The film will be based on the stories of the Chinese adoptive parents, Japanese orphans and their descendants: The documentary will be filmed by a joint team from Changchun TV station based in Jilin Province and commercial television news network All-Nippon News Network from Japan………..Experts from China and Japan will be invited to hold script seminars and conduct extensive and in-depth research and interviews………….The documentary is scheduled to be officially filmed in the winter of 2020, and will be broadcast in China and Japan after its production, according to a report by China News.

#AceHistoryDesk report ………….Published: July.16: 2020:

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Snippets of History: Five Xumishan Grottoes dating back to over 1,500 years ago in Northwest China’s Ningxia Hui Autonomous Region reopened to the public on Wednesday after being closed for 38 years #AceHistoryDesk report

#AceHistoryReport – July.16: The reopening aims to allow tourists to enjoy the ancient Chinese cultural heritage more closely, according to a report by China News.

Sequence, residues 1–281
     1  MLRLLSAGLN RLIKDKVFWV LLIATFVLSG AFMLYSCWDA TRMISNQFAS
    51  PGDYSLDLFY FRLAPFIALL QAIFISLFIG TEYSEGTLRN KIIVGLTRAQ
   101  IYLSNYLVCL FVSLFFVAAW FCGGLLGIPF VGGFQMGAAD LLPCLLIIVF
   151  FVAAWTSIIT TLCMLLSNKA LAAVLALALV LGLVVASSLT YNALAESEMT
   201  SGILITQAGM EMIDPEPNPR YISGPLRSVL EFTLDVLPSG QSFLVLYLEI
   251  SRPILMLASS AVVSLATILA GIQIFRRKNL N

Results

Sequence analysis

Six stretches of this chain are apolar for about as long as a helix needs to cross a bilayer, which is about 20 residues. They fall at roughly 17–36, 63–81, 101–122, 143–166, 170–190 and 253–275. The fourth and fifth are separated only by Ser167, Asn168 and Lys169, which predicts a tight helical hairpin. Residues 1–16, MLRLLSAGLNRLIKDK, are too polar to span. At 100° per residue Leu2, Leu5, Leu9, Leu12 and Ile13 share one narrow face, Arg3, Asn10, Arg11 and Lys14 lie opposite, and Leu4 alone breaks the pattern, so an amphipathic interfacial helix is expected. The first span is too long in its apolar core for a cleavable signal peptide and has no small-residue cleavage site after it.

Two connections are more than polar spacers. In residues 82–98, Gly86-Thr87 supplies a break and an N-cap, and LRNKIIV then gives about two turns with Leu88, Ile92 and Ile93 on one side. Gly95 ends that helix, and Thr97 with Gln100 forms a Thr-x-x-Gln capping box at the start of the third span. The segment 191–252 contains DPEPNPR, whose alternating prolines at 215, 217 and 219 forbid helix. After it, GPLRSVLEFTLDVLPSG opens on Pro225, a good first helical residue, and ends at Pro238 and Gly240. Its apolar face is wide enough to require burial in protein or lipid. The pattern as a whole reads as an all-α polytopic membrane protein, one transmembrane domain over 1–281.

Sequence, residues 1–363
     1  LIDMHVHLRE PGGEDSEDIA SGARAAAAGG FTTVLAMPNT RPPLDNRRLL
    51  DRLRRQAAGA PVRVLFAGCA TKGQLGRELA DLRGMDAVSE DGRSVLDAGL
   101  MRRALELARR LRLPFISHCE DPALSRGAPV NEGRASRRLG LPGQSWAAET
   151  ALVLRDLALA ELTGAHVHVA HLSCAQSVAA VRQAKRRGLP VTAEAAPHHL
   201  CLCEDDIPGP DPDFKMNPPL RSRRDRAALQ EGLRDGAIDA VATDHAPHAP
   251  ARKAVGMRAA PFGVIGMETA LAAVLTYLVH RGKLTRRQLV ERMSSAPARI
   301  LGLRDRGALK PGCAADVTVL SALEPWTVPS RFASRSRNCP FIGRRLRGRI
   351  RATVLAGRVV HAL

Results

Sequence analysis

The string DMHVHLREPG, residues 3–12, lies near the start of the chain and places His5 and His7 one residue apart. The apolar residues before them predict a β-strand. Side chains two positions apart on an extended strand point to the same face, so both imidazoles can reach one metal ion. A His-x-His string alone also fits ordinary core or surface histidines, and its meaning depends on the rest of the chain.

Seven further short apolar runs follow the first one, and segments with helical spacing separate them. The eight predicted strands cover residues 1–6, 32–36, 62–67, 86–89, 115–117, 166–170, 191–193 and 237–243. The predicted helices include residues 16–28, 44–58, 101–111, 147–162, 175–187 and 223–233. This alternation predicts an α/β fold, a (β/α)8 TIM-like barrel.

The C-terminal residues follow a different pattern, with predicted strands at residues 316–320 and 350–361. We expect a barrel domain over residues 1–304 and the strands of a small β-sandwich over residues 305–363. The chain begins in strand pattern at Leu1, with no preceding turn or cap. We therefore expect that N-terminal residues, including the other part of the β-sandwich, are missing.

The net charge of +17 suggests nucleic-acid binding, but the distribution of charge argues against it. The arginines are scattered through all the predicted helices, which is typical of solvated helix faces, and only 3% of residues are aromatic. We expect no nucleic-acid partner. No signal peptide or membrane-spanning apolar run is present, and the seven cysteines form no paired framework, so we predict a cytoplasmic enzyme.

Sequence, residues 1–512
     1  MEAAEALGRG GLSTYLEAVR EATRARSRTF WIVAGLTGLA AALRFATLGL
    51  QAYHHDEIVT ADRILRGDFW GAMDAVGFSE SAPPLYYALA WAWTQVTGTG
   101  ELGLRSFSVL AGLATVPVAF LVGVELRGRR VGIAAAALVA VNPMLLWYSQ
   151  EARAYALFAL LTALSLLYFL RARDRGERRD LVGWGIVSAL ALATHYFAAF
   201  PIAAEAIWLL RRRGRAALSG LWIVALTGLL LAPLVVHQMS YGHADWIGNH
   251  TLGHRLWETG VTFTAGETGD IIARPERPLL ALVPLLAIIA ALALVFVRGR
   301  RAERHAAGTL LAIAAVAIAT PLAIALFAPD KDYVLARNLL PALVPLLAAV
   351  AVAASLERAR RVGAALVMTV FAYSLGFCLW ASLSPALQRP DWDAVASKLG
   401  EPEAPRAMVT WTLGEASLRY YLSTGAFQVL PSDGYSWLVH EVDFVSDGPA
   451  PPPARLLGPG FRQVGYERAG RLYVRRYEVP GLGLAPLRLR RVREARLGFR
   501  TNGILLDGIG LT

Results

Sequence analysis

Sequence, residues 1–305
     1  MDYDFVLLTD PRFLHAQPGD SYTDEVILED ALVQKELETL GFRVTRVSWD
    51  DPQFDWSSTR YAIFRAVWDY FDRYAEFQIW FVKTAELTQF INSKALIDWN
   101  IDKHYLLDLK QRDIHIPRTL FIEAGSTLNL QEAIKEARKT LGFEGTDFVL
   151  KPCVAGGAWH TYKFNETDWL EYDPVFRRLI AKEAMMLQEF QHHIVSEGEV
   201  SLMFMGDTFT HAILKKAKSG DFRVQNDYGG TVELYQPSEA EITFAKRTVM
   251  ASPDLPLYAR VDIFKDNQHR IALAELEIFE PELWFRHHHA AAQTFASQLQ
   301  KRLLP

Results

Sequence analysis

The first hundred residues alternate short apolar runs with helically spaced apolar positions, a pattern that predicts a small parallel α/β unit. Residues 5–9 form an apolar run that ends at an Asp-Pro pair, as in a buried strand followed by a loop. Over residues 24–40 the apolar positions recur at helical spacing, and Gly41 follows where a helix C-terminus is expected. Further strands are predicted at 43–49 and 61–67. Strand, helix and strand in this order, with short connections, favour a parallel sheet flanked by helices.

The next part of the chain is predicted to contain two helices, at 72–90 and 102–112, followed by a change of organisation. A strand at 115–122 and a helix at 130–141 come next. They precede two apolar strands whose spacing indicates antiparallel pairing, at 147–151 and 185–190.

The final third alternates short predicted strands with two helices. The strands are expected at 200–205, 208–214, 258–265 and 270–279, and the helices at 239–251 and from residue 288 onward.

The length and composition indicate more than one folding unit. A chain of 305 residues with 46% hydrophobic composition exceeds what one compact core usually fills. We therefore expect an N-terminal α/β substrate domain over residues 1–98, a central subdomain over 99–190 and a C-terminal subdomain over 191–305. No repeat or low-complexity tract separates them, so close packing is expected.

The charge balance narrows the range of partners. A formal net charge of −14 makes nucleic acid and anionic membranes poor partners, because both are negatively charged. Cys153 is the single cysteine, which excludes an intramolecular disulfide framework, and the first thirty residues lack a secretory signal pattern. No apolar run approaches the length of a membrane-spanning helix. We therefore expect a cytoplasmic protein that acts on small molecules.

Xumishan Grottoes in Northwest China’s Ningxia Hui Autonomous Region Photo: Snapshot of Xinhua News: Global News Times: https://t.co/Ynb2gdwXXM

China’s Ministry of Culture and Tourism announced Tuesday to resume group tours across China: The Xumishan Grottoes, originally built in the late period of the Northern Wei Dynasty (386-534), have 162 caves and more than 1,000 statues, which are scattered on eight mountain peaks that are two kilometers long:

As a main stretch of the ancient Silk Road, it is one of the top ten grottoes in China and was listed as a key state-level cultural site in 1982: Due to destructive human behaviors and natural disasters, cultural relic experts from across China began its restoration project in April, according to reports.